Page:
Aimed at restoring normalcy, it took three interlocutors a year to complete the process and compile a report and finally submitted it on October 12, 2011. The official records suggest that 700 delegations met the interlocutors. The report has many suggestions, but none of the suggestions saw the light of day.

The 2016 crisis witnessed BJP’s old hand YashwantSinhaget involved into Kashmir. Leading the Concerned Citizens Group, Sinha met people across ideologies. He compiled his report after multiple visits. “India has lost people of the valley emotionally,”Sinha told a media group after he failed to meet the Prime Minister NarendraModi, even after seeking an appointment.

“Kashmiri leaders wanted more than what New Delhi would offer. There was no meeting point. Talks covered the gamut of problems. But the two sides were so distant from each other that the dialogue would not go very far,” veteran journalist and keen Kashmir watcher KuldipNayar wrote. “I have visited Srinagar as an interlocutor many a time but I could not offer anything close to what they wanted.”

The Fate of Process

Prior to his arrival in valley, the joint separatist leadership rejected any possibility of engaging with Delhi’s point man. Terming his appointment as “new tactic”, they said “to be part of this so-called dialogue process would be a futile exercise for any Kashmiri since this new tactic has been adopted by the Indian government after its failure to crush the aspirations of the freedom loving people through military repression.” However they said “Our stand on dialogue requires the basic acknowledgment that there is a dispute that has to be resolved.”

Separatists apart, this time even unionists were feeling low over the announcement. The past memories have shadowed the hope, said a student of Kashmir University.

The ruling coalition partner PDP itself understands that there is “trust deficit.” When party Vice President Sartaj Madni led the delegation to meet Sharma on day three, he expressed hope that the exercise undertaken will culminate into meaningful and tangible outcome, despite difficulties. Madni is quoted to have told Sharma that “dialogue process should be seen as a sincere and honest effort to address issues than a mere response to violence.”

A senior PDP leader showed his disappointment over the appointment. He saidthey have conveyed thisto Sharma in most appropriate words. “What is fun in talking to mainstream parties? We do not challenge the state’s accession to the union, so the talks will have to be with those who see India as an occupier, the separatists.”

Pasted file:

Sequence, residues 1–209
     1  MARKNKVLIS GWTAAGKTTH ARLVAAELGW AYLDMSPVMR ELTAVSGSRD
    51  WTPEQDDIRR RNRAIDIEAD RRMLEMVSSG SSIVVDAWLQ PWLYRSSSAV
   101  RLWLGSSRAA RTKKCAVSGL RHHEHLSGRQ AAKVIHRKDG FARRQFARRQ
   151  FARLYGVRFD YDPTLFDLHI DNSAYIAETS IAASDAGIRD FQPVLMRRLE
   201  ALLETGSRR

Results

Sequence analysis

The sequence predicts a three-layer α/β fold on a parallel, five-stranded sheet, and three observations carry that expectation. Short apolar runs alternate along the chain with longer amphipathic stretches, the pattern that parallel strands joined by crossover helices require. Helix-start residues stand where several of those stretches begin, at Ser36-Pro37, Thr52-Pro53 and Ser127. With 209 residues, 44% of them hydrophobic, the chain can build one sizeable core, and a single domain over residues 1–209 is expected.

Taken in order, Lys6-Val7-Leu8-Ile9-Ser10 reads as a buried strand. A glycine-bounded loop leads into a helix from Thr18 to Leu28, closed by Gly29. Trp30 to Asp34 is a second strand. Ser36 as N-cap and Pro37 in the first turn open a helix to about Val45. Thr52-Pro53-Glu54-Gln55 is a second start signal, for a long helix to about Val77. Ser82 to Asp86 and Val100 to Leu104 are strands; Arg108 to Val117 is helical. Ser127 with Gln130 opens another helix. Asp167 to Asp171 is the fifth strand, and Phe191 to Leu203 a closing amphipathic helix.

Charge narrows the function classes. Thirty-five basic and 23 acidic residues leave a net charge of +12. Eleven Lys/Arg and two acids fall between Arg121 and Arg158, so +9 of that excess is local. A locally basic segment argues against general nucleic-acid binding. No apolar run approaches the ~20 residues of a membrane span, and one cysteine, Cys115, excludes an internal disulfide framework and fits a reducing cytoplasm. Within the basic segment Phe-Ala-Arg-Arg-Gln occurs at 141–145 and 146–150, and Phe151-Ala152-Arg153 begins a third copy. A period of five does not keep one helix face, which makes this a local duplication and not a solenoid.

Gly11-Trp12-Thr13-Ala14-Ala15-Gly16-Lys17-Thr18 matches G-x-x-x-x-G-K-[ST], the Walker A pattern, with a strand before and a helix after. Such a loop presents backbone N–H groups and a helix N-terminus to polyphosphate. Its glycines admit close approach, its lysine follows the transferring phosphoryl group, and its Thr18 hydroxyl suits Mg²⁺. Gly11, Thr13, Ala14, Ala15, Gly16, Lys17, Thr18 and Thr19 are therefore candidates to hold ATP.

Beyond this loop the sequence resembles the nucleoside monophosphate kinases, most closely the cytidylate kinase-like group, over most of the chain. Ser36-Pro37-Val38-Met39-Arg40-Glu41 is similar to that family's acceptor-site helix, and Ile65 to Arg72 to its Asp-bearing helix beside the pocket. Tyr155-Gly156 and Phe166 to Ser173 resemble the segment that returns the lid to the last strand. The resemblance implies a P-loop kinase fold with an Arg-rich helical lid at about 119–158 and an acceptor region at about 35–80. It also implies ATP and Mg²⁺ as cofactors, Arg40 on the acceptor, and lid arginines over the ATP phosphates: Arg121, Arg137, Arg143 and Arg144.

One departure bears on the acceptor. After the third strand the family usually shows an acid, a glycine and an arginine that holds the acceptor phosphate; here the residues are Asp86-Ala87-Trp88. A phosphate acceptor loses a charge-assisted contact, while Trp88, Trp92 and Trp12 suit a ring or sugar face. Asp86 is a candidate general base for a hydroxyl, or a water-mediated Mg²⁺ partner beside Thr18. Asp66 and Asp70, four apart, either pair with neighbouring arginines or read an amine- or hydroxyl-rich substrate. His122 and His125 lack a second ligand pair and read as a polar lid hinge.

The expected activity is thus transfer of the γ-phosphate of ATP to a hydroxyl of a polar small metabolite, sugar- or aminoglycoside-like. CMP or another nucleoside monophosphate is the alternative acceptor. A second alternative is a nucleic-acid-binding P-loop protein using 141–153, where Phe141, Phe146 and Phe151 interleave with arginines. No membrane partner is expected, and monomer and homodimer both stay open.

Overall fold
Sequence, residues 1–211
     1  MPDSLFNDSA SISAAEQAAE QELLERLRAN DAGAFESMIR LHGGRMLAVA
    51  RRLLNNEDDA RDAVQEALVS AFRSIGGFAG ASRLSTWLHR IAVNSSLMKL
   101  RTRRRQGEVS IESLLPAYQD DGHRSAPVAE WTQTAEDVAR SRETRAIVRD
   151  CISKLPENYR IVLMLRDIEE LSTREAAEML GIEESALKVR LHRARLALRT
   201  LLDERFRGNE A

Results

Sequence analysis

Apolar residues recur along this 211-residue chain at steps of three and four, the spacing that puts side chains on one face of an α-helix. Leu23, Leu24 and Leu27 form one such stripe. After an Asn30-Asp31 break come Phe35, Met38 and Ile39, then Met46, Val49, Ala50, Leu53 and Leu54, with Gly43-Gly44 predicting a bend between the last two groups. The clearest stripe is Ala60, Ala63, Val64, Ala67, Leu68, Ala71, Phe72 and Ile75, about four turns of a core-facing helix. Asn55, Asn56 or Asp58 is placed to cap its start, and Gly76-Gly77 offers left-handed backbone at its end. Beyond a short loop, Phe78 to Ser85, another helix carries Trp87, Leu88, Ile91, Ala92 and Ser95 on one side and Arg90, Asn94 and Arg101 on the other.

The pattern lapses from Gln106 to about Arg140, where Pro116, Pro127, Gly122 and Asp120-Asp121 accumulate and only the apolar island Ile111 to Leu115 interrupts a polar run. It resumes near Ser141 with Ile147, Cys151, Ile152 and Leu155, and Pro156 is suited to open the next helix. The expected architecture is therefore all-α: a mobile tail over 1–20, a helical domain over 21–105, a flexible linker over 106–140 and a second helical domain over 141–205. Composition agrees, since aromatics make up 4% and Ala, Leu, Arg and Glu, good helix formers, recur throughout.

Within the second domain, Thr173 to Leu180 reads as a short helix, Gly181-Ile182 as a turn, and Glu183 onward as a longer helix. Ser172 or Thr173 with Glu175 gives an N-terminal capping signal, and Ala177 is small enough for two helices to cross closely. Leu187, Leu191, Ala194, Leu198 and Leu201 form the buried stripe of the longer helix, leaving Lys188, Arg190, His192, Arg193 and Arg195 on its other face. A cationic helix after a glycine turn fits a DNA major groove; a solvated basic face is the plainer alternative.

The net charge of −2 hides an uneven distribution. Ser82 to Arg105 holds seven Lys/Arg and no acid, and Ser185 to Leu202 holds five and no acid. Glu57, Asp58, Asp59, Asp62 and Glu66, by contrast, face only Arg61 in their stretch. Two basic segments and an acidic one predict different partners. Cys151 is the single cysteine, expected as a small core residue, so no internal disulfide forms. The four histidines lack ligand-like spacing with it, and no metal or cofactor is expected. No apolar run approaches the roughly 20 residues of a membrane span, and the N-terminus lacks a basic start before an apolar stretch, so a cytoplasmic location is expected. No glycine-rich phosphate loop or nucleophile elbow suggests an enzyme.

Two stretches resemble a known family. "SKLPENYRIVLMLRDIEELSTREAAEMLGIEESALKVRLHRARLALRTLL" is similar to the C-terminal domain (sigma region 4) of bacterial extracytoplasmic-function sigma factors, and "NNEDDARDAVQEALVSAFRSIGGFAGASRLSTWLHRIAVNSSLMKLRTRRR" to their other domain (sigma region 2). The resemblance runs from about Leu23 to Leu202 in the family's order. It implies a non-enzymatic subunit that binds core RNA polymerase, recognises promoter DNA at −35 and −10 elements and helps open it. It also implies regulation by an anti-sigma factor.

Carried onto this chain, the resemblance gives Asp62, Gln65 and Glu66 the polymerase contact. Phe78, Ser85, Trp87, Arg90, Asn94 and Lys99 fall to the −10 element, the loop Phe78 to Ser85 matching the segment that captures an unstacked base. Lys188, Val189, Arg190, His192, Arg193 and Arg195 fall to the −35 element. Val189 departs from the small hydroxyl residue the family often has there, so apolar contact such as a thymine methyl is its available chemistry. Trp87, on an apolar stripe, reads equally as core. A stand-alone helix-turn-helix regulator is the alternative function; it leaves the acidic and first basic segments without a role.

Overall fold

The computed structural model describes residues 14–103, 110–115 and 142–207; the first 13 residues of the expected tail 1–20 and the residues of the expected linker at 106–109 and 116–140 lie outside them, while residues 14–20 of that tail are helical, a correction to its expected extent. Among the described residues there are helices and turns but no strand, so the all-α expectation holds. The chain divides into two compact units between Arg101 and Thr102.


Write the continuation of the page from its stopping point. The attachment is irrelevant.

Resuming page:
The surprising statement came from the erstwhile interlocutor Radha Kumar. While raising apprehensions, she said the centre’s stand of only looking at what it considers to be ‘legitimate aspirations’ will ‘kill the dialogue even before starting it’.

“If the government says it is going to decide what is legitimate and what is not, what aspirations are and aren’t, it is killing the dialogue even before starting it,” Kumar told media in Delhi. “Rajnath Singh’s choice of words had put dialogue process on precarious grounds.”

The exclusion of Pakistan makes the process uninviting, said a Srinagar based political reporter. “For any dialogue process to be meaningful and result-oriented, it has to include the three main parties – India, Pakistan, and the Kashmiris,”Pakistan’s foreign spokesperson Nafees Zakaria, insisted. But Delhi is unwilling to see Pakistan’s role, albeit officially.

The visits

After announcing the names of three interlocutors in 2010, Chidambaram attested credibility to their names by saying that they were public personalities with “a good track record”. During their visits, the trio assured people that “we have got the assurance from the government on implementing the solution.”

Seven years later, as already one of themhas died, the report is gathering dust along with earlier reports submitted by working groups and individual interlocutors in last many decades.

But as Kashmir streets whisper this time, there is little credibility left for the people engaged to talk for arriving at a “solution” as Delhi’s reputation in Jammu and Kashmir is severely dented.YashwantSinha, put his experiences aptly: “you just have to visit the valley to realise that they have lost faith in us.”

“If India negates what their prime minister JawaharLal Nehru promised us publicly in Srinagar, how can we believe that closed door meetings of some official who has security past be fruitful,” asked Mushtaq Ahmad, a retired government officer. “Had there been a solution in their mind, it would have been implemented long ago – we would not have had to wait 70 years for it.”

Sharma is known as “gentleman spy”. He has promised to “study the previous reports.” But his maiden visit to Kashmir did not invoke much enthusiasm. Before taking off for Jammu, Sharma was “hopeful” about his job. But he has to fight the negativity of the baggage of his predecessors. He was aware of it when he said: “I do not have a magic wand but my efforts have to be judged with sincerity and not through the prism of the past.”

An entrant to valley as assistant director of Intelligence Bureau in 1992, Sharma 25 years later, has a tough task at hand and it remains to be seen the contours of talks he undertakes.

Has the stick done its part and will the carrot work now? As said by a middle rung police officer, “the Doval doctrine has reached a dead end.” Really?